When Paul Moffett left art college and began to work in three dimensional (3D) design, his and his partner’s ambition was no more than to create 3D visuals and art work to add value to someone else’s product. But the search to find the right technology led them, within a few years, to build a unique scanning system which is now being sold to doctors in the cosmetic surgery industry in America.
It was their persistence to find exactly what they needed, the realisation that did that not exist, finding the right technology partners and the right niche in the market which launched Axis Three www.axisthree.com in March 2008.
Their sales pitch is simple: “We will show what your patients will look like pre-surgery and give an accurate representation and improve return on investment”. Their technology is complex, but what differentiates it is the work they have done to make it usable by doctors with minimum training who can let their patients know exactly what they will look like after surgery. Their target market has been surgeons working in breast augmentation. Soon they will be rolling out equipment to help doctors working in facial reconstruction.
When Paul started the search for the equipment he needed just after leaving Art College in Belfast’s York Street, there were already some scanners available. On a visit to a major technology exhibition in Germany, he and his then partner Martin Bradley found a rudimentary scanning system. They bought it but when they started to work with it, they realised it wasn’t what they needed. They also realised that there appeared to be nothing on the market for a non-engineering User to scan 3D. “That led us to the first phase of building hardware and developing our own software.” They knew the needed a partner, that they couldn’t build the technology they wanted from the ground up.
“What we were talking about was developing a usable interface and de-skilling the process so that anyone could use the scanner and get something usable from it.” says Paul, now Head of Engineering at Axis Three. “It’s easy to get the technology side but that’s not half of it. It’s the corner stone, but not the whole structure.” It was also at that stage Paul admits the first failure. “Looking back on it, it seems like an insane business plan. The technology was good but the one competitor we had failed to realise along the way was the 2D photograph – a 3D modal is going to cost a whole lot more.” In November 2004 the company almost shut down. They began using a different scanner and Paul and his partner worked on with no wage. “We knew there was potential. We need a niche but where is the pain in the market? The one thing the scanning application is really good for is scanning the human form. That led us to a couple of decisions.” They considered approaching the games industry to produce life like digital characters and the movie industry to design so called ‘digital extras’. “With more market research it became evident that the cosmetic surgery industry was just begging for something like this as there was nobody in sight – not even close.”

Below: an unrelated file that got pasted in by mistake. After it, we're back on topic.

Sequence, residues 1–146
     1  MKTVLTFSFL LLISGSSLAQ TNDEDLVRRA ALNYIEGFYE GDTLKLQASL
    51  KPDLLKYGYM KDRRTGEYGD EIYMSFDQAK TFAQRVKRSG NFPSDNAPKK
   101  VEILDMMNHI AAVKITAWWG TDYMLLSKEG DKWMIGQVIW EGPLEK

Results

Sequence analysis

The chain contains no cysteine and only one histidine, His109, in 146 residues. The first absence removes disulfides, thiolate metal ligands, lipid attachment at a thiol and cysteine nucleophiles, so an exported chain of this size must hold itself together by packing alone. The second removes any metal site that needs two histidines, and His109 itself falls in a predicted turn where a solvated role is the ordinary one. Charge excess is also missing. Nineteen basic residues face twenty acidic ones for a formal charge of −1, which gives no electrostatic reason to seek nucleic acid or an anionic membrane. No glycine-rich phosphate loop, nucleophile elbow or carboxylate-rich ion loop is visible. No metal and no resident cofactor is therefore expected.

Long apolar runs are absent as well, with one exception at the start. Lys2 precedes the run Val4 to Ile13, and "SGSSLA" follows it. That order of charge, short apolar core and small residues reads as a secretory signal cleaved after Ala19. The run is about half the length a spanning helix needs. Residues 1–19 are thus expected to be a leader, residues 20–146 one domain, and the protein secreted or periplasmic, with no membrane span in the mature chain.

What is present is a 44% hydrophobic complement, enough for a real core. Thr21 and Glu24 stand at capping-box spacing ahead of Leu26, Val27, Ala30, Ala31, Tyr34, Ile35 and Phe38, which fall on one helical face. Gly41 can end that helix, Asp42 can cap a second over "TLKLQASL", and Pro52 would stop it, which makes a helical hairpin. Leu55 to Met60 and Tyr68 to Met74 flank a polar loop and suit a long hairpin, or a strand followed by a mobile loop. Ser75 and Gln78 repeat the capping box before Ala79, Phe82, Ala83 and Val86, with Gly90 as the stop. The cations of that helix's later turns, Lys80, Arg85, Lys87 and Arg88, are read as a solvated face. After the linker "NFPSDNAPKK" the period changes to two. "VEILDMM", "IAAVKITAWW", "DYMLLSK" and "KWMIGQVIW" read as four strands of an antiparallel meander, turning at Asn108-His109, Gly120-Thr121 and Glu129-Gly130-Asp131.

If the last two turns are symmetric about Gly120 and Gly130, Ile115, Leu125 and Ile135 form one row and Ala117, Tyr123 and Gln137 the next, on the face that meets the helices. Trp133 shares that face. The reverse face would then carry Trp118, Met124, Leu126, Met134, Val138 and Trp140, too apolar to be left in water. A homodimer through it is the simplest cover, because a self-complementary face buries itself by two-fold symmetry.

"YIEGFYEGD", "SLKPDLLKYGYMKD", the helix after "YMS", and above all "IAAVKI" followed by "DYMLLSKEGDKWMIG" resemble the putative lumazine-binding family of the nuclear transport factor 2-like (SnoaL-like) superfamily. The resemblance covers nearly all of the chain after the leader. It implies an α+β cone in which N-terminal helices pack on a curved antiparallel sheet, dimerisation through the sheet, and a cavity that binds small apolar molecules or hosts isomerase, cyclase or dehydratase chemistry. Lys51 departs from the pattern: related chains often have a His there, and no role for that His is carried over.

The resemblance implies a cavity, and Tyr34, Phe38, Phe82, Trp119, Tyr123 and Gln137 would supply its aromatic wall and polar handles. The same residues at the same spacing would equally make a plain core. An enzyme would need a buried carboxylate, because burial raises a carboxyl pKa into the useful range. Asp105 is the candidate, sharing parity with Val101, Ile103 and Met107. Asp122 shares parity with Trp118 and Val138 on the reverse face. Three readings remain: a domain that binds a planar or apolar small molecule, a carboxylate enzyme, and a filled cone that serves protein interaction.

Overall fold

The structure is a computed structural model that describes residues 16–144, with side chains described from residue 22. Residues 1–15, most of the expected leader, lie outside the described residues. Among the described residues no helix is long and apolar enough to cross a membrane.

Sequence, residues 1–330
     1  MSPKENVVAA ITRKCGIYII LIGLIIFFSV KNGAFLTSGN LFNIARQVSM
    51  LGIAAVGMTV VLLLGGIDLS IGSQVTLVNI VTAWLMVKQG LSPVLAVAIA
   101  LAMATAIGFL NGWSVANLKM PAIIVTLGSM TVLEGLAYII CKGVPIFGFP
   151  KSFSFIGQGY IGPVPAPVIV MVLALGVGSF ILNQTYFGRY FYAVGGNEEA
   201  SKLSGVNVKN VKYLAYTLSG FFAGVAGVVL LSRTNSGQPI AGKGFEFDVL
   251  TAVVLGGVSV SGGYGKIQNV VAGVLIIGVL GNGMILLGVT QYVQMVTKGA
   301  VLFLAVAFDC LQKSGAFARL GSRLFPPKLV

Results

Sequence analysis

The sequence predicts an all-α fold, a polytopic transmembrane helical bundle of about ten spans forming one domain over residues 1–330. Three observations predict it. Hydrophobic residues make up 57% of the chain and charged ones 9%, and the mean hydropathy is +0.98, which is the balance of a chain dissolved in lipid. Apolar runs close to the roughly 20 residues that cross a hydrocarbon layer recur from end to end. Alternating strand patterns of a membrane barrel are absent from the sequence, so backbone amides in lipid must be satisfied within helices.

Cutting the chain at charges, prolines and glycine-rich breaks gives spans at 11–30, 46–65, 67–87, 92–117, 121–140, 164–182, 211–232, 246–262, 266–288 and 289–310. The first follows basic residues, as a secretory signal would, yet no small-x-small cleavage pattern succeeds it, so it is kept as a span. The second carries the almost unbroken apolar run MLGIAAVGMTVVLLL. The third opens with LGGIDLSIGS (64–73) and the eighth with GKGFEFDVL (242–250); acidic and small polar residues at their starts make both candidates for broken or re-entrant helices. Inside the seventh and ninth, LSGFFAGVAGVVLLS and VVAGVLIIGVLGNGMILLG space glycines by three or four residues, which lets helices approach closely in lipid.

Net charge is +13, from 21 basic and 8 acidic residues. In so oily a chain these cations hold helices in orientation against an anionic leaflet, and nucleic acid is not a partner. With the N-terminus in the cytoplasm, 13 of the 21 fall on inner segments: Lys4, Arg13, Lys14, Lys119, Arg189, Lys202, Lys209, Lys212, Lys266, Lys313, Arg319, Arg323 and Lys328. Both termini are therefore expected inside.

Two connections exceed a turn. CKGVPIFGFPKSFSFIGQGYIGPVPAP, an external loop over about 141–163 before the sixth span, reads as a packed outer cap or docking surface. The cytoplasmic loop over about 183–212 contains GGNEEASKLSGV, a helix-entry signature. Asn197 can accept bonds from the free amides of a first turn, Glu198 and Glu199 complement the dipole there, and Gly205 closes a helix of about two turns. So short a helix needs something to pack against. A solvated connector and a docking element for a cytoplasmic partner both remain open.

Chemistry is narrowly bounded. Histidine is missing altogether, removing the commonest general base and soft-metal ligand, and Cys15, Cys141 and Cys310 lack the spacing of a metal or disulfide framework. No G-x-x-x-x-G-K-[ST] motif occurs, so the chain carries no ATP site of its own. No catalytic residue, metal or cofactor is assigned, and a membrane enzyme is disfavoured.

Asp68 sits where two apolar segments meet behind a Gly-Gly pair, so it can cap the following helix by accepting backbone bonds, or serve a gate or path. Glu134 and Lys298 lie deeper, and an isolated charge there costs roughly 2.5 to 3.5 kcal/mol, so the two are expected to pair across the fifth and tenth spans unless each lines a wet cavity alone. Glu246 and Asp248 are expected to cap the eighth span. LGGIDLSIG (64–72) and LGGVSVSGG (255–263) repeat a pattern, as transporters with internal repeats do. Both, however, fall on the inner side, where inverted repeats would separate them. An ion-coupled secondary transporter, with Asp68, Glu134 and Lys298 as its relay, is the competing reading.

With another visit to CEBIT – the massive technology exhibition in Germany, they began to find potential businesses to work with.
“At that point we started to talk to Siemens who had really cool capture technology.” The Siemens technology over came all the technical problems they were experiencing. And it gave them the partnership arrangement they had been looking for. By 2006, with other investors and support, they started to move the business forward.
But their expertise is technology, not marketing. “It takes time to develop technology and what you are focused on is getting it developed. What you don’t do – and what we needed advice on at the time – was that you have to work out how you are going to sell it. That should be happening in parallel. Looking back, I would have loved to have access to even other students at my level studying Marketing. Paul believes that it’s paramount to bring the sales and the technologists in a room at an early stage. “It saves a lot of time in the long run.”
Axis Three began to sell their product directly to doctors in Los Angeles in March 2008. By the end of the first year they had turned over £800,000 and were gathering momentum and further investment. “A patient goes into a doctor’s office for what is essentially major surgery with a large price ticket against it and a lot of uncertainty. So our idea was to give the doctor the control to show the patient what they are going to look like.”
From LA they worked across the country capturing customers in New York. They plan to continue eastward and position themselves in a global market. “Our ambition is to be the de facto standard. I think when patients start seeing that some doctors have this, very soon every doctor will need it in order to make the consultation work, and that’s what we are seeing at the minute.”
Check out the Podcast at NITechBlog: http://www.nitechblog.com/blog/p.php?id=454